In addition, your BYOD policy should also include a Mobile Device Management software that allows you to control and monitor how sensitive data is shared on personal devices. With an MDM, it is possible to remotely delete files when a worker’s computer is stolen or missing, for example.

To improve overall security, it is best to ensure that all workers use trusted antivirus/anti-malware software. This allows the organisation to run automatic updates on all the individual devices regularly.

Be Transparent

Imagine a boss perched over your shoulder watching every webpage you visit. Or an application that records every key stroke you make without your knowledge. You are likely to freak out. Nobody likes a boss who snoops about on them. Such BYOD policies can strain relationships and cost the company in productivity goals instead of boosting performance. Let your employees be on the-know about what monitoring tools you are using to ensure they meet their security obligations. Whoever disagrees doesn’t get to use his or her personal device. Likewise, institute a fair punishment scheme for recalcitrant employees. Don’t create arbitrary rules as and when they occur; you run the risk of being unfair to your employees.

Create a Cyber-conscious workforce

Members of your IT department are very likely to be aware of the potential evils lurking in the cyber space. But what about the Sales Intern who plugs any flash drive into the office computer? Getting such ‘non-tech savvy’ persons to appreciate the importance of staying alert is necessary for securing your company’s data. By enforcing an antivirus/anti-malware policy and teaching them to change their passwords regularly, your BYOD policy can help nurture a sense of cyber-security in their daily lives. Not only are they learning for their own good, but your company data become secure in the process.

Double-Factor Authentication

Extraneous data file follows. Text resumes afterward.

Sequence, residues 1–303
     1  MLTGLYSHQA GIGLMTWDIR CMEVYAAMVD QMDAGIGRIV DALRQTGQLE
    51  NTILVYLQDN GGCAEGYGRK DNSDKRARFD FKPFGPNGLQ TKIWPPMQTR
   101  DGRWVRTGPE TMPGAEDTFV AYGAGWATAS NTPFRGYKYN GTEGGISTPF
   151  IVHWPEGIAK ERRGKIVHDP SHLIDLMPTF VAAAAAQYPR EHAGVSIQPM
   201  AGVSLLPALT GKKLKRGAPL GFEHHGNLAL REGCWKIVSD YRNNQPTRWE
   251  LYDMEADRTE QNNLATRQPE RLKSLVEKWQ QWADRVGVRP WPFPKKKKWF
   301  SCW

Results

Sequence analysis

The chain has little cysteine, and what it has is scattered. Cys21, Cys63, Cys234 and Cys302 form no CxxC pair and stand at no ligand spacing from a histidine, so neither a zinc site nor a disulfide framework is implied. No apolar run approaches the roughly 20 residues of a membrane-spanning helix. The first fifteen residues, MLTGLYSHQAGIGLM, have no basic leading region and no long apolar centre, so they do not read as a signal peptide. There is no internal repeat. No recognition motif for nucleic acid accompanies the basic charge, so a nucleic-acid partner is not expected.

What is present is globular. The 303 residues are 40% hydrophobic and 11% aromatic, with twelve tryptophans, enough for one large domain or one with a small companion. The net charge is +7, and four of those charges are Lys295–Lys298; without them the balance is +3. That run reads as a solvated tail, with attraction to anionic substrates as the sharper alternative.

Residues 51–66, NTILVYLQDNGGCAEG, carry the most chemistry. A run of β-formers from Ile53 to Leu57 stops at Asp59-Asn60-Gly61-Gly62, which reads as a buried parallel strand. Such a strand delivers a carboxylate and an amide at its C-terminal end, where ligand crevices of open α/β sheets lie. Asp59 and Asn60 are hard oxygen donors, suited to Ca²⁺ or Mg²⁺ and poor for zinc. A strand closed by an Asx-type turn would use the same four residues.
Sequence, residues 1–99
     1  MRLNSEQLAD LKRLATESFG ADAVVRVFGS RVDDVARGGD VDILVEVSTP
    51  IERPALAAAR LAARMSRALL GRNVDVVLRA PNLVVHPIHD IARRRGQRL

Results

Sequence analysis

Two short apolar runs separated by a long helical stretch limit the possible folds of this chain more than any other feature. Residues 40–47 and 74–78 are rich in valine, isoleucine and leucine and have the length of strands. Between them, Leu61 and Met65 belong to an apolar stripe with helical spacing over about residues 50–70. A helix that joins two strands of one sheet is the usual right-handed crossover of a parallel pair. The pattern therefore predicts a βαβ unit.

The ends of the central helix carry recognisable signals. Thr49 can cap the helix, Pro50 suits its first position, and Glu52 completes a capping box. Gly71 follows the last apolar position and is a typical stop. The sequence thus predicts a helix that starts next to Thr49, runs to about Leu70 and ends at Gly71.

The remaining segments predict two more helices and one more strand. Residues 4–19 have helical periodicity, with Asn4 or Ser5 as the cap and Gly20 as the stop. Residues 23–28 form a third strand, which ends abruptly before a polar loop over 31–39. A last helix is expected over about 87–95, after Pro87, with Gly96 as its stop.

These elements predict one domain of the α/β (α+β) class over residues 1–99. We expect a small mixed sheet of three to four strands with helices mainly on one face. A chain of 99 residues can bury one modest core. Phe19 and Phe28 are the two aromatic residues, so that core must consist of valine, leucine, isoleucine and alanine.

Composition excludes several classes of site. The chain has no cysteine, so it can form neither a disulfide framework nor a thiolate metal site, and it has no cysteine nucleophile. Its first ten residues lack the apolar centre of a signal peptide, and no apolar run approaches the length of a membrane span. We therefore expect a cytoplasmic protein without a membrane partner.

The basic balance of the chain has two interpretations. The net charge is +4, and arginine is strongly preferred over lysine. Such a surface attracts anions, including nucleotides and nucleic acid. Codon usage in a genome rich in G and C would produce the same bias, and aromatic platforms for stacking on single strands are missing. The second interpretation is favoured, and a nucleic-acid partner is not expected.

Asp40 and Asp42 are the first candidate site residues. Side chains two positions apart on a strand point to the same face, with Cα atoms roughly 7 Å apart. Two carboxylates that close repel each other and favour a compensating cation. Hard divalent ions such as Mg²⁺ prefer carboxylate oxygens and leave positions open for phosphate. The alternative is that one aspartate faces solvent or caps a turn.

Whether or not you employ BYOD policies, you should encourage your staff to use double-factor authentication. Double-factor authentication instructs service providers like Facebook and Gmail to send a verification code to a specific phone number whenever you try to log into your account. In this case even if a hacker has access to your employee’s password, the employee will be able to deny access to the account when the verification code comes to his or her phone.


Appropriate Responsibility

It is easy for some executive managers to be careless with their credentials. Some go about logging into different machines on the work premise assuming everybody’s device is safe. Because such persons are exposed to sensitive data, any lax in security could have a profound dent on the continuity of your business. Your BYOD policy should make such senior staff and executive managers responsible for their actions. Such persons should not log into any other device other than their official devices in order to keep company data safe. Those who manage corporate assets and social media platforms should use only specific devices at the work place.

Also, assign roles to your staff such that workers only have access to data they need. A marketing intern has no business having access to employee social security and banking details. Segment such data and make sure that it is reviewed on a regular basis.

Be proactive with security

An agile business is best-placed to take advantage of business opportunities. That notwithstanding, it is important to establish a BYOD policy to improve the security of employees and the data they access. Such guiding policies should be transparent and friendly. Note that the more endpoints you have on your corporate network, the more potentially vulnerable spots you have. Make sure you are not exposing your business with the excuse of having advantage over your archaic competitor. Create and enforce a BYOD policy.